‘Slightly Overlooked Professionally’: Popular Music in Bridget Jones’s Diary

by Elizabeth Kirkendoll
Texas Christian University
Texas Christian University
Joint Conference of the AMS-Southwest Chapter & SEM-Southern Plains Chapter Spring 2014
The University of Texas at Austin

Poster Abstract

A genre more often regarded as money-making entertainment than serious cinema, romantic comedies have long been overlooked academically. Although recent research by film scholars such as Leger Grindon and Tamar Jeffers McDonald has begun to explore the underlying complexities and historical value of the genre, the musical components of romantic comedies remain under-researched. Using the influential film Bridget Jones’s Diary (2001) as a case study, my research explores the often intricate use of popular music in romantic comedies as a method of providing narrative clarity for general audiences while enhancing the film’s broad appeal. Bridget Jones's Diary further highlights the potential functions of popular music in romantic comedy, employing foregrounded songs both as narrative elements and framing devices. On one level, the songs in Bridget Jones’s Diary act as an extension of the title character’s narration – as an aural extension of her eponymous diary. Furthermore, songs such as Aretha Franklin’s “Respect” (1967), Diana Ross’s “Ain’t No Mountain High Enough” (1970), and Van Morrison’s “Someone Like You” (1987) act as structural and narrative frames for Bridget’s relationships. The popular songs consequently immerse the viewer into the film narrative and provide an emotional bond with the title character. Finally, I examine how Bridget Jones’s Diary’s musical model set the stage for future romantic comedies such as Sweet Home Alabama (2002) and Love Actually (2003) to expand the role of popular music.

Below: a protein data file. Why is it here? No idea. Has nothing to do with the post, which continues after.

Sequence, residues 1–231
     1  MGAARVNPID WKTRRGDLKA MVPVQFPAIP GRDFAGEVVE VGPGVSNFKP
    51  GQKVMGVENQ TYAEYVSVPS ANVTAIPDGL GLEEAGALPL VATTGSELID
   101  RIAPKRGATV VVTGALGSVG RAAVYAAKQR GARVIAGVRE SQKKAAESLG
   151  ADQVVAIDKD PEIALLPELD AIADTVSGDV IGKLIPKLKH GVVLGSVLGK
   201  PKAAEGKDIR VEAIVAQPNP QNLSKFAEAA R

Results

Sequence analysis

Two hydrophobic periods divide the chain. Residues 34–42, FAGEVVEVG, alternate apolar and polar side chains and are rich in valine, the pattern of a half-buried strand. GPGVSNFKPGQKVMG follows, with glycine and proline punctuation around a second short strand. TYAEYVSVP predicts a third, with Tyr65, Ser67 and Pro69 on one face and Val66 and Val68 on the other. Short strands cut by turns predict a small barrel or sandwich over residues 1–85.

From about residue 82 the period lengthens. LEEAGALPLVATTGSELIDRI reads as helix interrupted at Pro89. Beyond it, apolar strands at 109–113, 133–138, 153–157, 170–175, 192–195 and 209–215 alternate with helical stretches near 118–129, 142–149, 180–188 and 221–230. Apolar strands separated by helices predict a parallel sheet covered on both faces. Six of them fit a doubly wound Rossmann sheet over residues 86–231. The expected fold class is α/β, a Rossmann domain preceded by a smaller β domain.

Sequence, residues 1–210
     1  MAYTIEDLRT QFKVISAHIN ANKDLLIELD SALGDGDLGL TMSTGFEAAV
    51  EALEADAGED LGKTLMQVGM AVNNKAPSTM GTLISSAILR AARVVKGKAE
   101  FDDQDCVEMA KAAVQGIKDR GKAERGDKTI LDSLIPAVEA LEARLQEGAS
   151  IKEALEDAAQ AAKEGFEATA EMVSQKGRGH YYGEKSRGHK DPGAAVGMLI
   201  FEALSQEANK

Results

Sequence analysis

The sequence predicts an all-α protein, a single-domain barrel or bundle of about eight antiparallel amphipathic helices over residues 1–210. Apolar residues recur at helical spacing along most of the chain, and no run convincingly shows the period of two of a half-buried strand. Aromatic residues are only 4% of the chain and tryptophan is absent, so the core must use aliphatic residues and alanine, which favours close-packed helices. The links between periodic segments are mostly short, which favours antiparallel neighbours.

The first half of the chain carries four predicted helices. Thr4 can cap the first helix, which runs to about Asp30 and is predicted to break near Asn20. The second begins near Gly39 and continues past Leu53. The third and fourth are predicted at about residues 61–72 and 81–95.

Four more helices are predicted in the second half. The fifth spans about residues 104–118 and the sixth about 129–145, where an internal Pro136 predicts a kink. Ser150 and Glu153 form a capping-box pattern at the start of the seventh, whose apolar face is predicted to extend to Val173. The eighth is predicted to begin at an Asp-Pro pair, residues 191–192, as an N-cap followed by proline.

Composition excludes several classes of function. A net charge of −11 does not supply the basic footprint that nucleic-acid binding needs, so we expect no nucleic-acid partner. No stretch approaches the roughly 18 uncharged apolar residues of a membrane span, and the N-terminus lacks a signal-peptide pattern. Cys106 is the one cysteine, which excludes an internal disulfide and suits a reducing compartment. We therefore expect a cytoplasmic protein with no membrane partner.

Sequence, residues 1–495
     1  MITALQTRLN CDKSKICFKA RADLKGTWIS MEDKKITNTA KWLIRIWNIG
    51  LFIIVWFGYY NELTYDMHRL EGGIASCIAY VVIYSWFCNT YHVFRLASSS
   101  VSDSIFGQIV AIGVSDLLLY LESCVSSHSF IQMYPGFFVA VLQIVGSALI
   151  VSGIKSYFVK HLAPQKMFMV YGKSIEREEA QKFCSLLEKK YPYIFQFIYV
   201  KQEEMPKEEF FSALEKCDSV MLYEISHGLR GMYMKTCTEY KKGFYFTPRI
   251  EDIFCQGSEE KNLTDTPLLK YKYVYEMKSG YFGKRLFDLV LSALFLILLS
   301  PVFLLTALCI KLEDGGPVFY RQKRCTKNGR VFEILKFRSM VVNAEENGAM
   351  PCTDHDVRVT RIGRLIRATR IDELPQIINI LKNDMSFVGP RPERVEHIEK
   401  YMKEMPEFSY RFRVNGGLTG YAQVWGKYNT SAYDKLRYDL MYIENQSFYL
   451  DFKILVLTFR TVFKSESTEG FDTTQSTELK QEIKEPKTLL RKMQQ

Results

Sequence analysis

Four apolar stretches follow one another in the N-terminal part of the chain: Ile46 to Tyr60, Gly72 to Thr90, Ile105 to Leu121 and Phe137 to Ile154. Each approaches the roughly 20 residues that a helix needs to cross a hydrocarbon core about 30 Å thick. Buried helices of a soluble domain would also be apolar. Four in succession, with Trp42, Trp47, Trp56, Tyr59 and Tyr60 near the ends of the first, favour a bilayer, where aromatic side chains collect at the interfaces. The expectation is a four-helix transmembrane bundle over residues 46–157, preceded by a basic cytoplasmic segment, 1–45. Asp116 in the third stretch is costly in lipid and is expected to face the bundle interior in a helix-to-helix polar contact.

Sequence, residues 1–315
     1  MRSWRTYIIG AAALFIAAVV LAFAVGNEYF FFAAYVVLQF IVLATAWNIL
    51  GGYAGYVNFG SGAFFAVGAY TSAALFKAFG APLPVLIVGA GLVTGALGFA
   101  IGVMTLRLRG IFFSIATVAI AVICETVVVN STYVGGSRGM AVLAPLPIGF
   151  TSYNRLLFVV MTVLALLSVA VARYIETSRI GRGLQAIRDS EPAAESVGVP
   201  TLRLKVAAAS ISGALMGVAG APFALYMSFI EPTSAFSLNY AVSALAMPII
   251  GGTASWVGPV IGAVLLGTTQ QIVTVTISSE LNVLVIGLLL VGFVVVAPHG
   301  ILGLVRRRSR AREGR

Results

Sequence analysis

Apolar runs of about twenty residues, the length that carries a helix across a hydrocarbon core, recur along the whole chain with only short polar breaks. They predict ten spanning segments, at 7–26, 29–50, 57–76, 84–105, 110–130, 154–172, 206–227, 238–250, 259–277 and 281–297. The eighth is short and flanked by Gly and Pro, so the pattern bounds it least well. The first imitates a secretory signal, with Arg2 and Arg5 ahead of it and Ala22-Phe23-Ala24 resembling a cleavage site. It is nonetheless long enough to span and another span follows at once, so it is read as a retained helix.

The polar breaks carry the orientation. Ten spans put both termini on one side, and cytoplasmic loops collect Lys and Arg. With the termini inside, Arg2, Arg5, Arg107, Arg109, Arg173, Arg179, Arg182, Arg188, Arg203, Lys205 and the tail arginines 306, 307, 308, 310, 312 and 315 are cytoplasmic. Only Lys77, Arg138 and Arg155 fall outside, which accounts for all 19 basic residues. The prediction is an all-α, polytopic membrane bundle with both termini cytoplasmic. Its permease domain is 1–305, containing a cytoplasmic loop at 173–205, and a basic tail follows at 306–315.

Kirkendoll Poster

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